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Gene Review

HMMR  -  hyaluronan-mediated motility receptor (RHAMM)

Homo sapiens

Synonyms: CD168, Hyaluronan mediated motility receptor, IHABP, Intracellular hyaluronic acid-binding protein, RHAMM, ...
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Disease relevance of HMMR


High impact information on HMMR

  • HMMR/RHAMM is an in vitro substrate for BRCA1-BARD1–mediated polyubiquitination and BRCA1 and HMMR genetically interact to control centrosome number in breast tumor– and mammary epithelium–derived cell lines [3]

  • BRCA1/BARD1 modulate spindle assembly through a pathway which attenuates RHAMM function [6]
  • Overexpression of the RHAMM gene by transfection into fibroblasts is transforming and causes spontaneous metastases in the lung [7].
  • H-ras-transformed fibrosarcomas transfected with a dominant suppressor mutant of RHAMM exhibit a so-called revertant phenotype and are completely nontumorigenic and nonmetastatic [7].
  • The loss of functional RHAMM ablates signaling within focal adhesions, in particular changes in focal adhesion kinase phosphorylation, and as a result these focal adhesions are unable to turn over in response to hyaluronan [7].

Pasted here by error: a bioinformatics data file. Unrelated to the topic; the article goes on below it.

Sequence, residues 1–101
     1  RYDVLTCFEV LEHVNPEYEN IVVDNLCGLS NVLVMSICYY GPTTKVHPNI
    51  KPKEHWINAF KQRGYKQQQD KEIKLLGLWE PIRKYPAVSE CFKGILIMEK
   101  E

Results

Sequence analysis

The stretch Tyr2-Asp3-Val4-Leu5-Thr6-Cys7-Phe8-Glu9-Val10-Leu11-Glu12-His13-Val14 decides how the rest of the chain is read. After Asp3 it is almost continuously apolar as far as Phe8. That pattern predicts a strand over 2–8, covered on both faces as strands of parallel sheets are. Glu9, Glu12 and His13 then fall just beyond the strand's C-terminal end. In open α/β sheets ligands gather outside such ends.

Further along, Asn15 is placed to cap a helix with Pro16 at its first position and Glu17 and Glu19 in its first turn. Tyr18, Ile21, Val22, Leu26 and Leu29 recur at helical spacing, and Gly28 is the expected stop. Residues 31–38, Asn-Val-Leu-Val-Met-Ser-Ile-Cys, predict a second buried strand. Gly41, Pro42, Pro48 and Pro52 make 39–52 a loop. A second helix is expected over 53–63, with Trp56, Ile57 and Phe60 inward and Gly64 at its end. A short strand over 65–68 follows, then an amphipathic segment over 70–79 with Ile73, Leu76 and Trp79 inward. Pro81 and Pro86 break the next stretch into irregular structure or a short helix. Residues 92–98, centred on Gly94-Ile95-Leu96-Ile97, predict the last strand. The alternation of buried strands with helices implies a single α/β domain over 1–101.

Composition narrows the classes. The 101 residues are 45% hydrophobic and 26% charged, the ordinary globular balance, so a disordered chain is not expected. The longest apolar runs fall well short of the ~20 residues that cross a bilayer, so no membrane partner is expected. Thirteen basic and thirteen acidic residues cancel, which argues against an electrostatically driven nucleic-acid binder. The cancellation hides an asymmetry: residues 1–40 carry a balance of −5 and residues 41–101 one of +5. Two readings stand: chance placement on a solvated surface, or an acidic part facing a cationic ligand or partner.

• Recombinant techniques were used to generate chimeric proteins containing either the B(X7)B motifs present in CD44 or link protein, with the amino-terminus of RHAMM (amino acids 1-238) that does not bind HA [8].
  • Identification and characterization of epitopes of the receptor for hyaluronic acid-mediated motility (RHAMM/CD168) recognized by CD8+ T cells of HLA-A2-positive patients with acute myeloid leukemia [9].

Chemical compound and disease context of HMMR


Biological context of HMMR

  • Like TPX2, RHAMM expression is up-regulated during mitosis [1].
  • We postulate that augmentation of RHAMM expression within human cancers, including myeloma, can directly affect centrosomal structure and spindle integrity and potentially modulate apoptotic and cell cycle progression pathways [1].
  • A receptor for hyaluronan-mediated motility (RHAMM) has been shown to promote cell locomotion [13].
  • Here we describe the expression of two human RHAMM isoforms, which are generated by alternative splicing of the primary gene transcript, by a series of human breast carcinoma cell lines [2].
  • This interaction domain is composed of two distinct subdomains, one of which is sufficient to mediate binding to the mitotic spindle while both domains are required for binding of RHAMM/IHABP proteins to interphase microtubules [14].